On Thursday, Feb. 3, Rowan After Hours (RAH) and the Rowan University Asian Cultural Association (ACA) held the first-ever on-campus celebration of the Lunar New Year.
Attendants enjoyed a night of East-Asian culture, complete with authentic food and traditional Lunar New Year activities. Students could make and paint lanterns, fold origami and play a variety of games from the various countries that celebrate the holiday. The ACA also provided numerous informational displays about the holiday and the native cultures surrounding it.
The widely-used Gregorian Calendar, instituted in 1582, tracks the Earth’s orbit around the sun, with one full year comprised of 365 days. Much older, however, is the Hijri Lunar Calendar, also called the Islamic Calendar. It tracks the cycles of the moon around the Earth where one full year is comprised of 12 lunar cycles or approximately 354 days. In ancient times, the calendar was used from the Middle East to East Asia and is still used today for cultural purposes such as holidays, including the Lunar New Year.
Though it does not fall on the same day each year, the time frame remains the same. The new year begins once Spring is approaching.
Though commonly misinterpreted in the West as “Chinese New Year,” Lunar New Year is celebrated in multiple East-Asian countries, including China, Japan, Korea, Vietnam, Laos, Cambodia and Thailand. Furthermore, each culture celebrates the New Year in different ways, ranging from the food, dress, events, to the length of the celebration itself.
No matter where or how it is celebrated, the idea behind the Lunar New Year is the same: to relinquish the troubles of the past year and embrace the new one with high hopes, surrounded by friends and loved ones.
“We want to bring awareness to Asian cultures, which is our mission statement,” said Tiara Herpriyonggo, treasurer of the ACA and one of the head organizers of the event.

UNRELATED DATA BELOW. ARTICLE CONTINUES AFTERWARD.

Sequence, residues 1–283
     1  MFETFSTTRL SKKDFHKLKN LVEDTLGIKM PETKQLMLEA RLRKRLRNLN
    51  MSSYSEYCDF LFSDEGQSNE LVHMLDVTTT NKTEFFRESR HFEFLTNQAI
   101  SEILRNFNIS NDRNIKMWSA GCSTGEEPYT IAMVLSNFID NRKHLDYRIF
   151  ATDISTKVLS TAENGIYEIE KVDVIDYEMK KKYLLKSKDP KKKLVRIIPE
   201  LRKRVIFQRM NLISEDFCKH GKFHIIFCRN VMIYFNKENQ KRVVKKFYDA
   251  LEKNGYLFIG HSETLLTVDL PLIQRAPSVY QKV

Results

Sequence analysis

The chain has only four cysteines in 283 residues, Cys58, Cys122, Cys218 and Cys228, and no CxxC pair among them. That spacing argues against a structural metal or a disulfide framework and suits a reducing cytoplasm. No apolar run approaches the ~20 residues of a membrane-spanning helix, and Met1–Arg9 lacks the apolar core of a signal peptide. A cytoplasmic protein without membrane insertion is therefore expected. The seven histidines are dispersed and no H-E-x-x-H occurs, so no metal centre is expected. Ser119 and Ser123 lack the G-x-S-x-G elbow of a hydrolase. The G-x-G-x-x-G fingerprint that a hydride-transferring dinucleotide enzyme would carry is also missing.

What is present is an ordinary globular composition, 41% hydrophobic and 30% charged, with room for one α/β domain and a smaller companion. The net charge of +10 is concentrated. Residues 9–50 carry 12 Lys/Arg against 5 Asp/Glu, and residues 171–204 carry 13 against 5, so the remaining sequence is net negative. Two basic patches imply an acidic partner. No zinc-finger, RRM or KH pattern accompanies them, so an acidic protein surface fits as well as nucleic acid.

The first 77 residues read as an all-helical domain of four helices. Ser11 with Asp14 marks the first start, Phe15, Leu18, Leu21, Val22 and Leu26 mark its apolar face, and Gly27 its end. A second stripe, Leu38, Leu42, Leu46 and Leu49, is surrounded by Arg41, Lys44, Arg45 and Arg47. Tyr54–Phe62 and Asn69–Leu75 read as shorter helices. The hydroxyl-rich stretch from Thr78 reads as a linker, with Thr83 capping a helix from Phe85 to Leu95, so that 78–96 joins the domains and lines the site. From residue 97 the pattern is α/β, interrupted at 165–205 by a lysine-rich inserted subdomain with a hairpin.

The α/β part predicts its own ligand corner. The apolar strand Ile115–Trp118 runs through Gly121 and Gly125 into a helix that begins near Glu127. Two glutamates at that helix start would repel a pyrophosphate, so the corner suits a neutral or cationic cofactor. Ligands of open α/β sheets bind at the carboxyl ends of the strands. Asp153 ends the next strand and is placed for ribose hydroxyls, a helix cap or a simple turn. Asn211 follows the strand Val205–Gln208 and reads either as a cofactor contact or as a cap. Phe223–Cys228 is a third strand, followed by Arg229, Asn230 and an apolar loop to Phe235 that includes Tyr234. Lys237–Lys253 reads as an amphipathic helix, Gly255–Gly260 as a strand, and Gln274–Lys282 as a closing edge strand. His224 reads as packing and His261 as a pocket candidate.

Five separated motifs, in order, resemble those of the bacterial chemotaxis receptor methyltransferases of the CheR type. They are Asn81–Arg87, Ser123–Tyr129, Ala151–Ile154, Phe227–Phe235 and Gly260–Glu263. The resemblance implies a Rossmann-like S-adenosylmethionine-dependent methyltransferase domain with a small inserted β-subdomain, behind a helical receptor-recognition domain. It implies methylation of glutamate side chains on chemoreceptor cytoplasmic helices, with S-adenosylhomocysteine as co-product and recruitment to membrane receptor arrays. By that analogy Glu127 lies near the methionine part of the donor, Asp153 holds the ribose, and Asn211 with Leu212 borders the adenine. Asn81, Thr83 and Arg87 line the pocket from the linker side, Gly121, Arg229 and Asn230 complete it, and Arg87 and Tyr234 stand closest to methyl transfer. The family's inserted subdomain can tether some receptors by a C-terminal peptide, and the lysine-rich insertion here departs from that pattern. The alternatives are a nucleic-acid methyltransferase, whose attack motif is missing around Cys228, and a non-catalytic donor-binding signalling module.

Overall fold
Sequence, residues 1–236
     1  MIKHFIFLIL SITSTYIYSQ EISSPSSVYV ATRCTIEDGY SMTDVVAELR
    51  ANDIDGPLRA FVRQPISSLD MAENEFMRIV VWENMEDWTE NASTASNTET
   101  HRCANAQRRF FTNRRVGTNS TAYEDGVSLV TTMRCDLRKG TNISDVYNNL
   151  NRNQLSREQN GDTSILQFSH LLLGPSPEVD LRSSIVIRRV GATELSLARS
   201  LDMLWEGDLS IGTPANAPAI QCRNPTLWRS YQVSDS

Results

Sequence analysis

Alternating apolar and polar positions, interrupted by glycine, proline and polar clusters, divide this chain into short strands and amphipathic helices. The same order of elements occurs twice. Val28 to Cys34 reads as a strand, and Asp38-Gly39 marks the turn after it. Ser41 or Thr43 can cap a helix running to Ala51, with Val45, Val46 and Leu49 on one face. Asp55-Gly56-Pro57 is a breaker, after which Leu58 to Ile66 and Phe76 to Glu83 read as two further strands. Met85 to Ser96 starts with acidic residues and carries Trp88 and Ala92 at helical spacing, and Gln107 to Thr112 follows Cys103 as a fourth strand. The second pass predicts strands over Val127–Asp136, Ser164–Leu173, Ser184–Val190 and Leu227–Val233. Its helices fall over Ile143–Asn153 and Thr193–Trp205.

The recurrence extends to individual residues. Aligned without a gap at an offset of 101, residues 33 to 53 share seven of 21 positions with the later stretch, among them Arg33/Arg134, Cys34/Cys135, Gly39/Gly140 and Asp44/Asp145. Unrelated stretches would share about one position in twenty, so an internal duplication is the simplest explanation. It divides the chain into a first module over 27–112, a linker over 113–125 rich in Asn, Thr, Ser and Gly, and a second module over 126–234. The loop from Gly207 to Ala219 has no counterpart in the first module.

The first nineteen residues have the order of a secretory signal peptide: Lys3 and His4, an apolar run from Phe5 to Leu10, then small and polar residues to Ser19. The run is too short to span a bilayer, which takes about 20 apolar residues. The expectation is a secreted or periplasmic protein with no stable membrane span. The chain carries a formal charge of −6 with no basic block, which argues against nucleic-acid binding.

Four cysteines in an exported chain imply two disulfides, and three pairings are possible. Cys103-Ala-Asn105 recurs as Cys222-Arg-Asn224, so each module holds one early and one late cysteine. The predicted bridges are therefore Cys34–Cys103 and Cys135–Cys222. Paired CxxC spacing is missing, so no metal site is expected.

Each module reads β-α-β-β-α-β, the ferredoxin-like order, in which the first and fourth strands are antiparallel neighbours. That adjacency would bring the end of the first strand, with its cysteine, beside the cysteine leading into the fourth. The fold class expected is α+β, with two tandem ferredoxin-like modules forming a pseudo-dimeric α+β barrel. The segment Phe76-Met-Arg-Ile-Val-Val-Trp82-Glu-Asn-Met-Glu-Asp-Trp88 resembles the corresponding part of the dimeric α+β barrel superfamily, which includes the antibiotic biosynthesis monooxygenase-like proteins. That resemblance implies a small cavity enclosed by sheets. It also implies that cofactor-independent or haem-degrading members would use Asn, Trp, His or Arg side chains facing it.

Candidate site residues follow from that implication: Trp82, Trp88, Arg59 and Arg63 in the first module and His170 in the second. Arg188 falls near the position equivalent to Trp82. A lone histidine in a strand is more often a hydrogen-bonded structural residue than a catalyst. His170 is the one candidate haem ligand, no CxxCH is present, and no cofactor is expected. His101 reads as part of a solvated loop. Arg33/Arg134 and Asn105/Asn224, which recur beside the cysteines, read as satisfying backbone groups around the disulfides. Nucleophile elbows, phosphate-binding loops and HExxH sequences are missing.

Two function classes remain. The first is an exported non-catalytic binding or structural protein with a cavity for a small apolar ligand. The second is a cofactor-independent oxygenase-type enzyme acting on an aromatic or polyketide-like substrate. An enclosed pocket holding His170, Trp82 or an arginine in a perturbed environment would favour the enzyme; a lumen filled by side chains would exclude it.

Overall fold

Herpriyonggo ran the event’s bustling origami room while wearing a traditional Vietnamese gown known as an aldai. Though no stranger to hosting cultural events, it was her and the ACA’s first attempt to do something so high profile, and large scale.
“[This] took months of research and careful planning,” Herpriyonggo said. “We’re hoping this event shows people about us.”
According to the ACA, Rowan University’s Asian population numbers under 3,000 in a school of approximately 20,000. Through cultural events such as Lunar New Year, the ACA hopes to not only spread the richness of the culture but to provide a sense of home and familiarity to Asian students, for many of whom it is impractical or outright impossible to go home and celebrate with family.
Senior Grad Coordinator for RAH, Mustafa Abdus-Sabuur, helped work with the ACA to make the event possible.
“I love when we do those kinds of things, much less a big holiday,” Abdus-Sabuur said. “We want to bring the community together with all we do, and promoting underrepresented communities is one of the best ways to do that.”
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